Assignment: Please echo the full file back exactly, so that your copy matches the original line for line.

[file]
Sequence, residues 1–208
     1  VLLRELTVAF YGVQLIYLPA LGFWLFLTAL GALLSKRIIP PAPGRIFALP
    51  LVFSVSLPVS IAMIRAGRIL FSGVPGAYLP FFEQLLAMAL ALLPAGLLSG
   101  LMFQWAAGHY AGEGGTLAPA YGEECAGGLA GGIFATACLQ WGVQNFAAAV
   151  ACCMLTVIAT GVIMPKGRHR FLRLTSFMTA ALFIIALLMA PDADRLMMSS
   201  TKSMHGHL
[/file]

Sequence, residues 1–208
     1  VLLRELTVAF YGVQLIYLPA LGFWLFLTAL GALLSKRIIP PAPGRIFALP
    51  LVFSVSLPVS IAMIRAGRIL FSGVPGAYLP FFEQLLAMAL ALLPAGLLSG
   101  LMFQWAAGHY AGEGGTLAPA YGEECAGGLA GGIFATACLQ WGVQNFAAAV
   151  ACCMLTVIAT GVIMPKGRHR FLRLTSFMTA ALFIIALLMA PDADRLMMSS
   201  TKSMHGHL